Standing Cedars Community Land Conservancy hired Conservation Corps Minnesota to cut back a grove of aspens that is spreading across a hillside known as the Goat Prairie. In prairie-folk parlance, a goat prairie is a hillside populated with grasses and flowers that is steep enough to be best suited for goats. Standing Cedars seeded the Goat Prairie some years ago with additional native plants, though the prairie maintains a reserve of remnant native plants, including endangered kitten-tails (Besseya bullii).
Last week, Conservation Corps MN sent a crew of five young people for three days of cutting hundreds of trees and treating the stumps with herbicide, necessary to kill the trees and keep them from re-sprouting with renewed vigor. The crew camped at nearby Common Harvest CSA Farm. Conservation Corps MN is a conceptual descendant of the Civilian Conservation Corps of the Great Depression, though is no longer part of either state or federal government, and operates independently as a nonprofit. Their mission is to provide: “hands-on environmental stewardship and service-learning opportunities to youth and young adults while accomplishing conservation, natural resource management and emergency response work.” The Conservation Corps will return to Standing Cedars later this fall for more clearing.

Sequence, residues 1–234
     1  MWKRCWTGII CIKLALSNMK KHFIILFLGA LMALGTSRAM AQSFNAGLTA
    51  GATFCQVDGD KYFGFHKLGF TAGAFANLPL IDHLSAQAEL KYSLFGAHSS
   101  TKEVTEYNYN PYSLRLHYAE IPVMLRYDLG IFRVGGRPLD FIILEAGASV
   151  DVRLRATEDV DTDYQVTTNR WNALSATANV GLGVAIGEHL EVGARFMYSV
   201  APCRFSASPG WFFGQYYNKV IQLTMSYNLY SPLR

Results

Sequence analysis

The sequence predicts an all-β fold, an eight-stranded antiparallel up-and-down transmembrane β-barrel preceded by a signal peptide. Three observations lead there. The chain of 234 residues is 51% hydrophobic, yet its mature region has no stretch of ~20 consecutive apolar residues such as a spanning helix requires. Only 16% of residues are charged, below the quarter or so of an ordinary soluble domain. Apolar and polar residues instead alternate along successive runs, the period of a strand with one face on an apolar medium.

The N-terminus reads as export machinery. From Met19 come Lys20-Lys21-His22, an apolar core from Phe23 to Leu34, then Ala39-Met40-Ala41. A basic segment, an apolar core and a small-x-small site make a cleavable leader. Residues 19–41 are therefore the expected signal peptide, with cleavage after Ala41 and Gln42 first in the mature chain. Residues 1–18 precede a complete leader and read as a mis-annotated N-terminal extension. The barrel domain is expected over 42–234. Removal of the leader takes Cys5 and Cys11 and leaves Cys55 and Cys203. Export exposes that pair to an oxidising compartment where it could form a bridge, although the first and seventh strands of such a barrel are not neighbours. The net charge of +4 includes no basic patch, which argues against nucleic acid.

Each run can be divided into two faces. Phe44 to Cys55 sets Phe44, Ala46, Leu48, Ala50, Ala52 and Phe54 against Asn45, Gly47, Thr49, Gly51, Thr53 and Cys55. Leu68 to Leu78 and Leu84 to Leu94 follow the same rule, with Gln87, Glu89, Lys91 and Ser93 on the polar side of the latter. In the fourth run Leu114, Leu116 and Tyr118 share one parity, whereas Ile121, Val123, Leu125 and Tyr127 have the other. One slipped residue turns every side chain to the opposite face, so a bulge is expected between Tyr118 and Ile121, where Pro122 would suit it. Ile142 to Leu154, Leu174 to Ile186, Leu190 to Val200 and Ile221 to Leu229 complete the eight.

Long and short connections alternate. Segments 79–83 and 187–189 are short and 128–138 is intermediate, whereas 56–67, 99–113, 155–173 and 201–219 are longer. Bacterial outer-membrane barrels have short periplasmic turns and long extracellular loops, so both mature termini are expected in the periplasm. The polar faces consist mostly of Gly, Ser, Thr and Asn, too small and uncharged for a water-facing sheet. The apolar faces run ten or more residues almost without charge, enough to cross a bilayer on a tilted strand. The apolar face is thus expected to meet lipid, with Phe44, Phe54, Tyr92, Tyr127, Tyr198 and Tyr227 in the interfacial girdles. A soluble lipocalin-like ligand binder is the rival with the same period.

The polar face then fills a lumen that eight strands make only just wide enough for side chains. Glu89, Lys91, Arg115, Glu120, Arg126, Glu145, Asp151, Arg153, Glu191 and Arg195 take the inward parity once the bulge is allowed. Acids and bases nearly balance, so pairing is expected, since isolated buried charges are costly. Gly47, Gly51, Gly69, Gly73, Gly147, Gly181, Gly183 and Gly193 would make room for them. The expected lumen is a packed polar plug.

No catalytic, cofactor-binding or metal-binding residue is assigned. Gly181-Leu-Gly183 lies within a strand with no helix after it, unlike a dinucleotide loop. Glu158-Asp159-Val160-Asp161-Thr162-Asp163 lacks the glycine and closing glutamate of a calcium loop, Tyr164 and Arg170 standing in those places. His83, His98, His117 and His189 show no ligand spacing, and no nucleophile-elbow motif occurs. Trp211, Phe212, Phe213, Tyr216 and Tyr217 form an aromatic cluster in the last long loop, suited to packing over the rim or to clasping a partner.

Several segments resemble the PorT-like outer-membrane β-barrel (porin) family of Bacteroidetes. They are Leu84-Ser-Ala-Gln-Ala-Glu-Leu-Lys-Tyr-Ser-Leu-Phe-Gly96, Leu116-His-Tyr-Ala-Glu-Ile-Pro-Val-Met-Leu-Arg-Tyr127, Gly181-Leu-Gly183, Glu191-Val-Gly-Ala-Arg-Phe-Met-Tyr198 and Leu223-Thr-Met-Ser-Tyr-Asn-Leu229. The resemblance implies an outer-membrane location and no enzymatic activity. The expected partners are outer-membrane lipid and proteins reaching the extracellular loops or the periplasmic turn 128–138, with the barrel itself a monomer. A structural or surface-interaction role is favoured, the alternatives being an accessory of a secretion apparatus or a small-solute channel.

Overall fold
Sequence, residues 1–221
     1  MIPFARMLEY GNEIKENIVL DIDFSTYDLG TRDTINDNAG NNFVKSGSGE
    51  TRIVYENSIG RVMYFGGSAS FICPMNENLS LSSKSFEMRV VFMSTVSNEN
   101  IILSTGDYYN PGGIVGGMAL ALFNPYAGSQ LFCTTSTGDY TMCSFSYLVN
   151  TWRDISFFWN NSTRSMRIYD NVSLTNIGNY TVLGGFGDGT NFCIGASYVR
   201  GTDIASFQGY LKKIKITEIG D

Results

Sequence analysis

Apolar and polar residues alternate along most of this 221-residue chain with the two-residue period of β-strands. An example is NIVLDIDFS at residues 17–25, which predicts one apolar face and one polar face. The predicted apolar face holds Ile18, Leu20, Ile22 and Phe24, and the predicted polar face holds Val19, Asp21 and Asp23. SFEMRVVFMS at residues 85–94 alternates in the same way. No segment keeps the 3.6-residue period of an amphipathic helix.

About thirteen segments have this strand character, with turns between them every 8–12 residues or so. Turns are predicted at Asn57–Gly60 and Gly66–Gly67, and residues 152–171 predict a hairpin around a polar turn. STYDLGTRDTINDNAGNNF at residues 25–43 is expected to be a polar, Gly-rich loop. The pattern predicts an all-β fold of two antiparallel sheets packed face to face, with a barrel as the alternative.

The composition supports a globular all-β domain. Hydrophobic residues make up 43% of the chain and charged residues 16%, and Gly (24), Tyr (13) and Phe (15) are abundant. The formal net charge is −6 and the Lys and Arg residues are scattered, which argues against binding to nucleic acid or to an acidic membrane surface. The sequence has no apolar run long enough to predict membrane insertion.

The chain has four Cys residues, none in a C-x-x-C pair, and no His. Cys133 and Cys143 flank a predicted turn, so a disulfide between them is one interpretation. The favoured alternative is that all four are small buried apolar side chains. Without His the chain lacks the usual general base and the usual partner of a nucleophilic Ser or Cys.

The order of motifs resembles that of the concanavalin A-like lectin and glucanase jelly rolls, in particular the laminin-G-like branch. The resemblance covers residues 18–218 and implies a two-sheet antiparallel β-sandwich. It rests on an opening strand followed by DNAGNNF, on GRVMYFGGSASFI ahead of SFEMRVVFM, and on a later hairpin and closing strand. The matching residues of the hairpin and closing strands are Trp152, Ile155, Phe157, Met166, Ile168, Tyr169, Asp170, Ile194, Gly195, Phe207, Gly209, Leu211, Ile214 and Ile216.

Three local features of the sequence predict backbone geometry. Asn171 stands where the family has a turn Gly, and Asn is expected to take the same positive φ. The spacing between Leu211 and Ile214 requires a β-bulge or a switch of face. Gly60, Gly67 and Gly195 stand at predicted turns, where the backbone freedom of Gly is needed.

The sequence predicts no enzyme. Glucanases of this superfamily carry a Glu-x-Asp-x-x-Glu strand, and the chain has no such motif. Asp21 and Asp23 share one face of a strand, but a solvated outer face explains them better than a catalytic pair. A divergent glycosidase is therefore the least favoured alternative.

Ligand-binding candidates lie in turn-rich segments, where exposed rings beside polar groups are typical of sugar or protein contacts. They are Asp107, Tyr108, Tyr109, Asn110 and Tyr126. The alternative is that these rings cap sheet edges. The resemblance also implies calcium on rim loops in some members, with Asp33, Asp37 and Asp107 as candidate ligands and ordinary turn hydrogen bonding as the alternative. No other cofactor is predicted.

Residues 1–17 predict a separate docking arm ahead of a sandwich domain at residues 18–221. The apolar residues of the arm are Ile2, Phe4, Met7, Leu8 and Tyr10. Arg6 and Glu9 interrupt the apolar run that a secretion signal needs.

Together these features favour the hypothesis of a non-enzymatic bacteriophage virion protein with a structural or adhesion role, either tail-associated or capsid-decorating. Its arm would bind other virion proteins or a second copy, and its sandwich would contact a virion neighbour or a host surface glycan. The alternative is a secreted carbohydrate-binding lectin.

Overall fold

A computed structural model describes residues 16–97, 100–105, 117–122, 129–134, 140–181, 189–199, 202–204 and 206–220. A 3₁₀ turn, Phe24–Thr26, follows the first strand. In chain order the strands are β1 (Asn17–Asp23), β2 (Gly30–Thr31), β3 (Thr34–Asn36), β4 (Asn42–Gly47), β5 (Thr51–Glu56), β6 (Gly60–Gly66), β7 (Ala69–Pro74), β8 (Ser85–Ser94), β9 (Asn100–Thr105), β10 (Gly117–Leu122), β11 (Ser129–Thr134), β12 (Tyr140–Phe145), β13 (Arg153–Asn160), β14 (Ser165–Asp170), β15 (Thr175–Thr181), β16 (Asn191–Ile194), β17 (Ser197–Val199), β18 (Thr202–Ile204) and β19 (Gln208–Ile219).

The rarity of the Goat Prairie is what warrants expending great energy to fend off forest succession. Because of its steep slopes, the Goat Prairie was never farmed. It was probably grazed by cattle and was used as a sand quarry for the Engelhardt Brickyard, but held onto a native plant population. Encroaching trees were slowed by both grazing and the dry and sandy soil. A 1938 aerial photo shows the Goat Prairie larger and barer of trees than today. In the photo, the neighboring blufftops of the valley wall are a mix of open ground and forest—a classic savanna landscape that has been replaced by thicker forest—much like the Goat Prairie today. The Goat Prairie is, locally, the last of its kind.
The Goat Prairie is a sensitive area, so I won’t say how to get there, only that it’s nestled in the 1,100 acres of Standing Cedars’ Engelwood property, which the public is encouraged to explore. The restored tallgrass prairie along 280th St. is far easier to access and showier. Planted several years ago on what was agricultural land, from June until about now, the prairie is an ongoing rainbow of changing blooms.
Standing Cedars Community Land Conservancy consists of four locations near Osceola, totaling more than 1,500 acres. It became Wisconsin’s 600th State Natural Area in 2009.
The mission of Standing Cedars is to protect and restore field, forest and natural habitat along the lower St. Croix River. Standing Cedars is run by volunteers, with no paid staff. Costs of operation and contractors (e.g. Conservation Corps MN) are paid with an endowment from the St. Croix Valley Foundation, grants, and individual donations, which are tax-deductible. Visit us online at: http://www.standingcedars.org, or, http://www.facebook.com/standingcedarsconservancy.
Ryan Rodgers is on the Standing Cedars Community Land Conservancy Board.